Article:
Coordinating suit colors is just fun. It's not necessary for success, but you never know, it might help. Or if not, well, you can have a good time with it and look snazzy anyway. Like those guy-girl teams that both wear pink, That's kind of cool, and sometimes those teams win tournaments. Just saying. Have you ever matched your partner before? If not, you should try it, if you have a partner. If anything, the judge might leave an extra smiley face next to the Appearance box on the ballot. Hey, maybe that box is good for something.

You're homeschooled, and very stylish.

Wednesday, November 30, 2011

Ending Cross-Examination On A High Note

One time, my partner and I were debating this team. That happens to debaters a lot. We were affirmative, and our plan would result in the eventual loss of tax evasion by instituting a simpler tax code that is therefore harder to evade without all those forms and loopholes and whatnot. Not that I know how to evade taxes. Anyway, the neg basically said that our plan was so simple, we couldn't possible generate as much revenue as we do now. Cross-Ex was fun that round:

Me: So what you're saying is, the current system, with its tax evasion, generates more money than our plan would?
Opponent: ...yes.

I didn't actually say any of this in caps or italics, but you get the gist. I could tell by the look on my judge's face that she got was I was going for: logically, a system without tax evasion is probably going to generate more than one where people avoid taxes, despite the stance of my opponent. I was so excited about the outcome of that question that I immediately ended Cross-Ex right there. I had said everything I wanted to, and though I probably could have come up with more less-interesting questions, why not quit while you're ahead?

Cross-Examination fascinated me before I joined debate. It still does. There are a lot of sneaky things you can do to get the judge leaning sliiightly to your side without even making any arguments. Forms of sneakiness are best put at the very end, I think. That way, the judge may be already agreeing with you, perhaps unconsciously, before your partner even starts his next speech. When it comes to Cross-Ex, we like to go out on a high-note, and try to look really confident and smart when we say "No further questions," which is not an inherently intelligent statement, but it could make you sound very smart if you pull it off.

You're homeschooled. No further questions.

Monday, November 28, 2011

Interps: Interpretive vs. Interpretation

Sometimes, you want to be formal with your speech names. Sometimes, the abbreviations get old. Last year, when I was asked to list some achievements of mine, I decided I'd put down how I placed at the national tournamant the previous year. However, I didn't really want to say, "20th in OI at NITOC," because that doesn't sound that impressive. I decided I'd go with, "Quarterfinalist in Open Interpretive at Stoa's National Invitational Tournament of Champions." Pretty snazzy, huh? Especially the Champions part. They mean the same thing, but that sounds a lot more awesome. Yet, I still had a problem. In fact, I still have this problem. I can never tell when I'm supposed to use the words "interpretive" and "interpretation" regarding interps (which is an abbreviation for one or both of those words. Again, I have a hard time remembering).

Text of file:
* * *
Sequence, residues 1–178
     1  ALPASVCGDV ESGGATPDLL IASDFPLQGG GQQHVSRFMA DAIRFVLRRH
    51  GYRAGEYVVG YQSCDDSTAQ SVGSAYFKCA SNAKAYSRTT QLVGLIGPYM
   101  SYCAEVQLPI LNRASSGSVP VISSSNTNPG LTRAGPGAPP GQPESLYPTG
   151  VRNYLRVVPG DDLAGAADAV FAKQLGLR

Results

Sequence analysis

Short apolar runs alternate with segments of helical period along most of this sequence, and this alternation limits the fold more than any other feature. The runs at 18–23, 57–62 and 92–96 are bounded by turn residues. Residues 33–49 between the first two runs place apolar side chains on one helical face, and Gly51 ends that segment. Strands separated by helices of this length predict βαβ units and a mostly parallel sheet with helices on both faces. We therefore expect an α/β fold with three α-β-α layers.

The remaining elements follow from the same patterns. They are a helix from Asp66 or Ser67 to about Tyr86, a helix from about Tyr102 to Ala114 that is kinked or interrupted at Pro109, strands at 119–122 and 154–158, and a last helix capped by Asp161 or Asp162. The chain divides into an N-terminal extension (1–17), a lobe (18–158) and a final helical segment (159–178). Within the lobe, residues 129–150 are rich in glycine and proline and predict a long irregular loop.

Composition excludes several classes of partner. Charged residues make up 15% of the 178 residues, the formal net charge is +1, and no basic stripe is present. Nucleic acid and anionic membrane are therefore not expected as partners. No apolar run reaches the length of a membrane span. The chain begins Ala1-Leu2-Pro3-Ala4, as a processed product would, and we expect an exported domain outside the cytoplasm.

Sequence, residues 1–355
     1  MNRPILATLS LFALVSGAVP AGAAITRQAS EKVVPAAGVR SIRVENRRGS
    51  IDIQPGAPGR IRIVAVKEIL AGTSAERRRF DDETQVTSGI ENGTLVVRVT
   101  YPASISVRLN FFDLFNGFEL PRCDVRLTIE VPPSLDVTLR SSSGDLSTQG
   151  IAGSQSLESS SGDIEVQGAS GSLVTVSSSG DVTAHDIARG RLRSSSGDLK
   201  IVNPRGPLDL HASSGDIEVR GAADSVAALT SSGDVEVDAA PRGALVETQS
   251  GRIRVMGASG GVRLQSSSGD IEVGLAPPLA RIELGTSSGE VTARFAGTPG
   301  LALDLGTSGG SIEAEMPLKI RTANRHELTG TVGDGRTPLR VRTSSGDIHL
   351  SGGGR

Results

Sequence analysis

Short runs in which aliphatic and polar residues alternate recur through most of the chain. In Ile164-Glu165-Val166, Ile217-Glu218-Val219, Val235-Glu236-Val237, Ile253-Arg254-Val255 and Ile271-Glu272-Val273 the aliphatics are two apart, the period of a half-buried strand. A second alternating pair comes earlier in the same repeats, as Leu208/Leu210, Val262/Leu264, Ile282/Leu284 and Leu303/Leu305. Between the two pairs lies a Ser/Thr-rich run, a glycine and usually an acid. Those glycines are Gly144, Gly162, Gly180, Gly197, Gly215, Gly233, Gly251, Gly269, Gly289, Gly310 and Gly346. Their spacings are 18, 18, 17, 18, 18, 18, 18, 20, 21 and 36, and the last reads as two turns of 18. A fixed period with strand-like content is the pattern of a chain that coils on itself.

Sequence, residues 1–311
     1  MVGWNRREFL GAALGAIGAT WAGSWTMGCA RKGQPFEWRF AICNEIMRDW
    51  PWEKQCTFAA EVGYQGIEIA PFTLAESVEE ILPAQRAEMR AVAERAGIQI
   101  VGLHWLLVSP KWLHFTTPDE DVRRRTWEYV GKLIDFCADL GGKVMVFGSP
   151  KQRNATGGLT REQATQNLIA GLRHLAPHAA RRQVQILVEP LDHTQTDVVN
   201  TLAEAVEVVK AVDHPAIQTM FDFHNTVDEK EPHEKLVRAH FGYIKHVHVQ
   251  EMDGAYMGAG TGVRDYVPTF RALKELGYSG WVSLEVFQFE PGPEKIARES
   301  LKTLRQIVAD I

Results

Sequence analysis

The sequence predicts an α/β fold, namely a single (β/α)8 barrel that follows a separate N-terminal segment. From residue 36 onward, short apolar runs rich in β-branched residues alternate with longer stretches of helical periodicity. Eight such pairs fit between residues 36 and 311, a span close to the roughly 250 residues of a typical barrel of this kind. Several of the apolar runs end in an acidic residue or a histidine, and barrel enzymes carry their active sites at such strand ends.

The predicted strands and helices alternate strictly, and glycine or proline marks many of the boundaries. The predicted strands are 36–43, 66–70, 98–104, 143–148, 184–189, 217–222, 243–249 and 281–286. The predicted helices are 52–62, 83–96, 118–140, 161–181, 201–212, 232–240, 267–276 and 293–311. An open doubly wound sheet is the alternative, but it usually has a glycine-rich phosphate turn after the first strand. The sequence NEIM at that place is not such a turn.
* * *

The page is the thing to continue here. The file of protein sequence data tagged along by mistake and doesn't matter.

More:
This is odd, because interps are kind of my thing. They're what I do. I really should know what "interp" means. Suddenly, everything I know about speech and debate seems less concrete. Do I even know what any of the names mean? Do I even know what speech and debate is? What do I know? The uncertainty is just maddening!

So I found a solution. It's right here. Yes, the Stoa rules. I love this website. Basically, here's the logic behind interpretive/interpretation: DI, HI, OI, any other "I" speech, (Thematic, Original Open, all the crazy stuff the National Forensics League has, ect) and, of course, Duo, are referred to collectively as THE INTERPRETIVE SPEECHES. Individually, they are Dramatic Interpretation, Humorous Interpretation, Open Interpretation, Thematic Interpretation, Original Open Interpretation, and Duo Interpretation. Why Interpretation? Why not Interpretive? I have no idea, but now we know. Yes, it's pretty exciting. And quite a breakthrough. Arguably shattering to every misconception you had about interps. I know how you must be feeling.  Don't ever mess them up again.

You're homeschooled. Or home schooled. Or home-schooled. I can't remember which.

Saturday, November 26, 2011

Not Leaving Your Name Tag In The Room

I'm one of those kids who doesn't do name tags while giving interps. I have to take them off. They're too distracting. I used to ask, "Is it alright with the judges if I remove my name tag?" but I recently stopped because it's always alright. Except for one time.

I was watching a girl in my room who gave her speech shortly before I did. Before she started, however, she removed her name tag and a judge asked that she out it back on. It was weird, but I didn't make the same mistake.